The industry is seeing a fallout between 80% to 90% of cancelled trips and very few future bookings. DATTCO
Nearly the entire industry is currently shut down in every corner of the country. Most charter and tour companies have closed their doors, commuter operations have mostly stopped running, and scheduled service operations are operating at approximately 15% of capacity. The industry is seeing a fallout between 80% to 90% of cancelled trips and very few future bookings.
Some of the worst losses have been seen in the charter business, which depends on tours, meetings, and conferences, where bookings are almost non-existent even though this is usually the busiest time of year. In addition, for many charter companies the period of March through June is when they earn as much as 60% of their revenue for the year and that work has been eliminated. Even more impacted is shuttle and other services like school field trips, marching bands, and sports teams, that is down by about 95%.
In 2018, the industry employed more than 88,000 people and had an economic impact (sales) of $15 billion in the U.S. economy. Based on current projections, were the pandemic to continue over the course of the year, losses to the industry would be staggering, with as many as 82,040 or 92.4% of the jobs in the industry lost. Overall, the industry would lose $14.2 billion in sales, and the charter and special services businesses would be devastated. When federal, state and local governments issue the “all clear” sign, the return to normalcy could be 18 to 24 months or longer.
If the pandemic continues beyond May, or if business does not immediately return to normal, then the impact would be much more significant. Assuming that current industry assessments are valid, about two-thirds of motorcoach industry activity will be lost in 2020 because of the mandatory shutdowns. Over 64,000 motorcoach jobs will be lost (on an annualized basis) and the industry would lose nearly $11.1 billion in sales.
Bus operators make up just one part of the overall motorcoach travel and tourism industry in the U.S. In fact, nearly two million full-time equivalent jobs depend on the passengers carried by motorcoach operators on tours, charters, and scheduled and commuter routes. This includes 469,650 full-time equivalent jobs in restaurants and taverns, 229,970 jobs in hotels and other lodging establishments, and 327,750 jobs in entertainment venues including sports stadiums, parks, theaters, and zoos. Overall, the motorcoach travel and tourism industry generates $86.4 billion in wages and benefits for these workers.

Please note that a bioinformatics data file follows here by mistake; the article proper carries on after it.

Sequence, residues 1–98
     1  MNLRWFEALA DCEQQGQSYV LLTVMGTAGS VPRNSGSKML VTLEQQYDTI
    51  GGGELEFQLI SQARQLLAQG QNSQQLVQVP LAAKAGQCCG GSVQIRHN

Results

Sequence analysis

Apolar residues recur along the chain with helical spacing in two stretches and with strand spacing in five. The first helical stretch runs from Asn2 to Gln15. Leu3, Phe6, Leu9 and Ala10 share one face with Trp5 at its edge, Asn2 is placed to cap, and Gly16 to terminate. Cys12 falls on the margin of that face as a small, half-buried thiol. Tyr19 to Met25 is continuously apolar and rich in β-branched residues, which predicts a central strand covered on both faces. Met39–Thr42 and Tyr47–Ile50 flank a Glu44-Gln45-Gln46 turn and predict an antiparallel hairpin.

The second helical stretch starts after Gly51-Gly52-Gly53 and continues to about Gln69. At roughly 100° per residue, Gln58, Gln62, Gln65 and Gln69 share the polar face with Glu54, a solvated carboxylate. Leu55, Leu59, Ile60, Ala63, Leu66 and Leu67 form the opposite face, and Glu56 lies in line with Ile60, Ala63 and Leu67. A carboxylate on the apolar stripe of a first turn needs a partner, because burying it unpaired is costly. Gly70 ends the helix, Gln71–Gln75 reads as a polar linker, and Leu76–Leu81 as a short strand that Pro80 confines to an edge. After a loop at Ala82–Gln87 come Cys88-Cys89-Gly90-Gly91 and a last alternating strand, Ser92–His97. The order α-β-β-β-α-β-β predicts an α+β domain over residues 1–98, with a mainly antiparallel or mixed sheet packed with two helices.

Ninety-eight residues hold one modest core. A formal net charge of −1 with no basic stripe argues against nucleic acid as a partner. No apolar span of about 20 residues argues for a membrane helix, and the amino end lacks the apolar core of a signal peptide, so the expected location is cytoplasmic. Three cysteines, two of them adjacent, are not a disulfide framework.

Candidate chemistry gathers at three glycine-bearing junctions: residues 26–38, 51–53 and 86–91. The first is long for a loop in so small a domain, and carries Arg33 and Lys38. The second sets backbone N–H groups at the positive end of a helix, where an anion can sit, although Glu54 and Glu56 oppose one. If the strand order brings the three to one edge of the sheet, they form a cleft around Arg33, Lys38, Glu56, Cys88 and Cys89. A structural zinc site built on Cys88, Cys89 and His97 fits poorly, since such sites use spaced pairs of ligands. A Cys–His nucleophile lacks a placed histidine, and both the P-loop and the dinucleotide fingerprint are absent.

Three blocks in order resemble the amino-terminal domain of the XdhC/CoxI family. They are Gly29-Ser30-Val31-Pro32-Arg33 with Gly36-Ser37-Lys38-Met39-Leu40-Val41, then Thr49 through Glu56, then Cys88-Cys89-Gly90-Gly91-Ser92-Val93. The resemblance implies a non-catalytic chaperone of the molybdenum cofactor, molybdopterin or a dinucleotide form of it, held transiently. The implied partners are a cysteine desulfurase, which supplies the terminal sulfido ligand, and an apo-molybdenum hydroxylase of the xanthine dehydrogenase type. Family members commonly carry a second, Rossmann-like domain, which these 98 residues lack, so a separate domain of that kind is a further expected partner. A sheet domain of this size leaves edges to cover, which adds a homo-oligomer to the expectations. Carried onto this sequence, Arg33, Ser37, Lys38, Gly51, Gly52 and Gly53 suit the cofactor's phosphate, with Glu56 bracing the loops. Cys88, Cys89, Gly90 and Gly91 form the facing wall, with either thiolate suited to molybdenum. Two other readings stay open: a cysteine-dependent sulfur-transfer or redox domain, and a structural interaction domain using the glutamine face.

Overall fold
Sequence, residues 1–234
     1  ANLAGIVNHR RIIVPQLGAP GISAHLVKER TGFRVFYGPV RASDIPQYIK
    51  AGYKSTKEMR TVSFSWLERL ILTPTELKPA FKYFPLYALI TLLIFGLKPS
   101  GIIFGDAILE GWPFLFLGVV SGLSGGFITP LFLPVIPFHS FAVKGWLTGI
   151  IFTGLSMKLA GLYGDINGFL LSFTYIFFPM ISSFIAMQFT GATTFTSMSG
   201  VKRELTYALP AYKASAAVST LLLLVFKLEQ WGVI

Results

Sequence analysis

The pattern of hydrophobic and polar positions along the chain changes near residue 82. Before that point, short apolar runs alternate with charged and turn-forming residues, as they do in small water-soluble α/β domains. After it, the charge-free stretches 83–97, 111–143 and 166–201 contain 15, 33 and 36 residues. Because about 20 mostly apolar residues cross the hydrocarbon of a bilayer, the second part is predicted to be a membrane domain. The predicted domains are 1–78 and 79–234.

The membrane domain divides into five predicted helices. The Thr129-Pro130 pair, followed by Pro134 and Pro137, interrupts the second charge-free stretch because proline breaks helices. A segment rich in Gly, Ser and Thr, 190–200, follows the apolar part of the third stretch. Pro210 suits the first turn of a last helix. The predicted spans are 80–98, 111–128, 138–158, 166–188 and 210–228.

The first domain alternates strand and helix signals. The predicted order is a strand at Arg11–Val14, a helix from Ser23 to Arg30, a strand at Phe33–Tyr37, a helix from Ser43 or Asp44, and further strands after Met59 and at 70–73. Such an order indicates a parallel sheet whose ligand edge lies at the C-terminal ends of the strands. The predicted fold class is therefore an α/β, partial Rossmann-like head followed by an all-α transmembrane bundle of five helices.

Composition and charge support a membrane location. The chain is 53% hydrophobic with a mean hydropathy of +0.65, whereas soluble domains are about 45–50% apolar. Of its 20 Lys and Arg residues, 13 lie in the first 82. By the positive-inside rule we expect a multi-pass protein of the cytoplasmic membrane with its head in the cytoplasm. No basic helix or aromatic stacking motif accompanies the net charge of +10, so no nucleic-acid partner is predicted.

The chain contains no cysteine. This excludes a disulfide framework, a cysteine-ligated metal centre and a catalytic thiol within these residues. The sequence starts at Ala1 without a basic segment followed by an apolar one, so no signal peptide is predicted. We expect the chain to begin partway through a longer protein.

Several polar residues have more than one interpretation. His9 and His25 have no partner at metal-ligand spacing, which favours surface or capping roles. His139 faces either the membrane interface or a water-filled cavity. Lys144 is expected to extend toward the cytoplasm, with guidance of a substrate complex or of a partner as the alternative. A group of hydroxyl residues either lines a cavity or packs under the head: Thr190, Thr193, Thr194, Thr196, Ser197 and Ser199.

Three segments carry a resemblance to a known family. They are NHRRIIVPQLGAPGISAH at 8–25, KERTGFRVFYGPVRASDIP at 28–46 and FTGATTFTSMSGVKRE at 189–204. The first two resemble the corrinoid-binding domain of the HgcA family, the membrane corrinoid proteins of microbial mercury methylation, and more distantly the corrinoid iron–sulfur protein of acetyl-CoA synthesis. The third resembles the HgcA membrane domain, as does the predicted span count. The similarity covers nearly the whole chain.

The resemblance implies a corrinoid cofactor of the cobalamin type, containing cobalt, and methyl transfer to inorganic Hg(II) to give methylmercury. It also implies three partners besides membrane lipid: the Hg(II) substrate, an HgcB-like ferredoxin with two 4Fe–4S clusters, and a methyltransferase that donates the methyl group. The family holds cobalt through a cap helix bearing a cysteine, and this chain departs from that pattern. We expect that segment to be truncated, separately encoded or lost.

"This is the worst crisis our industry has ever faced in our more than 100 years of business," said Peter Pantuso, ABA president & CEO. "We are seeing devastation worse than 9/11 and we have had no help from the federal government. When Congress was handing out $100 billion to airlines, Amtrak, and public transportation they left out the private motorcoach industry. If this industry fails how will working class Americans get to their jobs? Who will evacuate Americans during wildfires, tornados, and hurricanes? How will Americans get from rural areas to urban centers for work and leisure? This is going to be a less mobile world without the essential services that motorcoaches provide."
The devastation to the U.S. economy is important to note, but it will not be the only problem citizens around the country will see. Currently the private motorcoach industry is the only industry that transports people from rural areas to city centers in a cost-effective way; transports our military when moving to bases and deploying; provides 400-600 buses to help evacuate citizens out of harm’s ways when natural disasters strike; help workers move freely from state to state to their jobs as well as visiting families and making memories on vacations. Motorcoaches are the only form of transportation — outside of car ownership or rideshare — that can pick people up where they live and deliver them where they want to go, they are not hampered by hubs and rails. Motorcoach transportation is also the greenest, most economical form of transportation today.
“Life without motorcoaches available will affect millions of people around the country,” said Pantuso. “This is more than just about economics, this is about how people live, get to work, take vacations, and other societal travel norms that will disappear and hurt those who need it the most — the working class that cannot afford to live in the cities they work, fly to destinations or ride the rails to commute every day. This essential industry needs Congress to give it a lifeline like it did with other transportation sectors to help get Americans back to work and traveling again.”